The magnificent Harlech Castle is situated in the heart of Snowdonia National Park. This medieval fortification is spectacularly positioned with its battlements rising from a near-vertical cliff face overlooking the Irish Sea.
The castle was designed and built by James of St George under the instruction of King Edward I during his invasion of Wales. Building began in 1283 and was completed in 1289. It was impregnable from almost every angle, comprising two rings of walls and towers, with an immensely strong east gatehouse. One of its many impressive features includes a fortified stairway that runs around 200 feet down to the foot of the cliff. At the time of construction these steps were accessible by boat, allowing for crucial supplies to be delivered – the sea has now receded several miles. The castle was captured by Owain Glyndwr in 1404 during the Welsh uprisings and re-captured by the English in 1409.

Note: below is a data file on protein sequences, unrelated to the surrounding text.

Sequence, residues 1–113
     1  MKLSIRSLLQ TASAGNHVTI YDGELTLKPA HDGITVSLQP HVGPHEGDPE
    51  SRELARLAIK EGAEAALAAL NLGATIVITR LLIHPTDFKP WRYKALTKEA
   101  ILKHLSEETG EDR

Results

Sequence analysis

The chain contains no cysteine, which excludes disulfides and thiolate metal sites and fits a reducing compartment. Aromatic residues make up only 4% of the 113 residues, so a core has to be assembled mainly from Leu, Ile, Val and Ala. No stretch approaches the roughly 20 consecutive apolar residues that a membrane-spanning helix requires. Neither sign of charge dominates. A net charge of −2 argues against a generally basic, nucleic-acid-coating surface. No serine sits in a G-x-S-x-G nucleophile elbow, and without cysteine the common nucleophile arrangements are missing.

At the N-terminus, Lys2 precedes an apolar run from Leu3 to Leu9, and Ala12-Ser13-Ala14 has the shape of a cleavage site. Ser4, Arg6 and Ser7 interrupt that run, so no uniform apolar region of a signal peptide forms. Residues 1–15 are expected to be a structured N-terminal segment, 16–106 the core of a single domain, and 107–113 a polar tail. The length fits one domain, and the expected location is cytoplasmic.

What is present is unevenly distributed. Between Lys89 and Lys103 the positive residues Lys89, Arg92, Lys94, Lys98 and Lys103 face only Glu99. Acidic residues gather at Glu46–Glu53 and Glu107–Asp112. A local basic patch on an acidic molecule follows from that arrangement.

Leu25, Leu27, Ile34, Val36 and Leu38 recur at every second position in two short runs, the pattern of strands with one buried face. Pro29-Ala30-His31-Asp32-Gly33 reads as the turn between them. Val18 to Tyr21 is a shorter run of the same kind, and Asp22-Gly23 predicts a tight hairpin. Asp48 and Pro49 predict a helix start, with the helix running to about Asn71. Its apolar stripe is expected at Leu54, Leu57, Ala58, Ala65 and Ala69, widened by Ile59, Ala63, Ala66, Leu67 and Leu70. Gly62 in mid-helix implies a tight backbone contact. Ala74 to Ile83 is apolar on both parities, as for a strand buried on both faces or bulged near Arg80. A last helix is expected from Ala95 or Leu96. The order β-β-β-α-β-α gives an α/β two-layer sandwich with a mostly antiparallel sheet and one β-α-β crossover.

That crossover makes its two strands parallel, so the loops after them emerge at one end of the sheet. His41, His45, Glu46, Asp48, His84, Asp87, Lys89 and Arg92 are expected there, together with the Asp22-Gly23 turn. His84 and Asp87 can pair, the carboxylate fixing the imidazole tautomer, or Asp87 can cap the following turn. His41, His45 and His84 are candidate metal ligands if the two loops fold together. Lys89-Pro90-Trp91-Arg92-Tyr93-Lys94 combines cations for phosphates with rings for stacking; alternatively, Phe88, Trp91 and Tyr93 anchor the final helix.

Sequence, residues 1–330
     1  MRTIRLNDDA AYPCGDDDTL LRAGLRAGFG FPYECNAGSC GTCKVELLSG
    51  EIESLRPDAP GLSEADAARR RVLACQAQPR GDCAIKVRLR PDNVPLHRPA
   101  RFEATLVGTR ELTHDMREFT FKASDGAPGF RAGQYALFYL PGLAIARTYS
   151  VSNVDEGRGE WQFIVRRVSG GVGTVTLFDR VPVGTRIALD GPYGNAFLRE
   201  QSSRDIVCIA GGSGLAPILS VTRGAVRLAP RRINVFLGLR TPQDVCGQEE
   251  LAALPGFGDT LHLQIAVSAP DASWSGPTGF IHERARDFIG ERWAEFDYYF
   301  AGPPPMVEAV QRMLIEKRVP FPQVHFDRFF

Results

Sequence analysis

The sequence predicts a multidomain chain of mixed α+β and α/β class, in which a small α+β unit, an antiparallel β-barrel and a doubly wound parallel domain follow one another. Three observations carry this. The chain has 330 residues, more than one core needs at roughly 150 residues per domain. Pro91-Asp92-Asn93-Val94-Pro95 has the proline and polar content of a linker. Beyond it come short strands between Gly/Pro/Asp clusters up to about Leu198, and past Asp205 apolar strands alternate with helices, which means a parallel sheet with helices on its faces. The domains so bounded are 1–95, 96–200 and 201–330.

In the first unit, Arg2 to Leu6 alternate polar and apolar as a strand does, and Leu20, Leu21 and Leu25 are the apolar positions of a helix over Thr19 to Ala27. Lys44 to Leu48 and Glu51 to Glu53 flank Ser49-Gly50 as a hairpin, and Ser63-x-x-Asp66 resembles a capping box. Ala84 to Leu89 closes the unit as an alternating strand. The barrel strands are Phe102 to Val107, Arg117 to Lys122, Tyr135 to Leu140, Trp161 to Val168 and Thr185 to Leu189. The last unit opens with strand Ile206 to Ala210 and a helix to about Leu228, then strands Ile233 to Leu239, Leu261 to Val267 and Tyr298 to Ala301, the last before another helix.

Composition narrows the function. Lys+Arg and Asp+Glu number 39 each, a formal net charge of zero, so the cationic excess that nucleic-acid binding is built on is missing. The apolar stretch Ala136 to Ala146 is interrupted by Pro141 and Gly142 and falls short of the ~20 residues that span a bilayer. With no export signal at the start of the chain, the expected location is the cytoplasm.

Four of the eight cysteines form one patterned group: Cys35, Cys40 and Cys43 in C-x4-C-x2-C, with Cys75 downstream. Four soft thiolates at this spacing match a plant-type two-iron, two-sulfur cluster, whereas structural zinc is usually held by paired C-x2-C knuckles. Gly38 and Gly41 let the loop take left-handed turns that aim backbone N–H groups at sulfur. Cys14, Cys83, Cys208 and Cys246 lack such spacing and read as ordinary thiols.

Considered as having ‘outstanding universal value’, the Castles and Town Walls of King Edward I in Gwynedd were included in the UNESCO World Heritage list in 1986. This includes the castles of Harlech, Beaumaris, Conwy and Caernarfon along with their associated fortified towns. All four represent some of the finest examples of late 13th and 14th century military architecture in Europe, with all having undergone only minimal restoration. A management plan is now in place for the protection of these sites and for ongoing education and research.
The Castle is open to the public year-round with a wide range of cultural events taking place - from concerts to displays by the Harlech Medieval Society. Parking is available on site.